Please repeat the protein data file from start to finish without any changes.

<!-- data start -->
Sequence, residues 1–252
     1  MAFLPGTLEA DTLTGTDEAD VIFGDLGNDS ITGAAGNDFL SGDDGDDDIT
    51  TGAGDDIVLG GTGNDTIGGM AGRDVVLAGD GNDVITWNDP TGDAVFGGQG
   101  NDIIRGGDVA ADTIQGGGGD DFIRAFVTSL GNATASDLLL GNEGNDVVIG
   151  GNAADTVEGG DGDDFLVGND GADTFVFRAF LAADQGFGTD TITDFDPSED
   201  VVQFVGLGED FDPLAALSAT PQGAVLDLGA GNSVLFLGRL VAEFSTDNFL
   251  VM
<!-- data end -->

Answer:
Sequence, residues 1–252
     1  MAFLPGTLEA DTLTGTDEAD VIFGDLGNDS ITGAAGNDFL SGDDGDDDIT
    51  TGAGDDIVLG GTGNDTIGGM AGRDVVLAGD GNDVITWNDP TGDAVFGGQG
   101  NDIIRGGDVA ADTIQGGGGD DFIRAFVTSL GNATASDLLL GNEGNDVVIG
   151  GNAADTVEGG DGDDFLVGND GADTFVFRAF LAADQGFGTD TITDFDPSED
   201  VVQFVGLGED FDPLAALSAT PQGAVLDLGA GNSVLFLGRL VAEFSTDNFL
   251  VM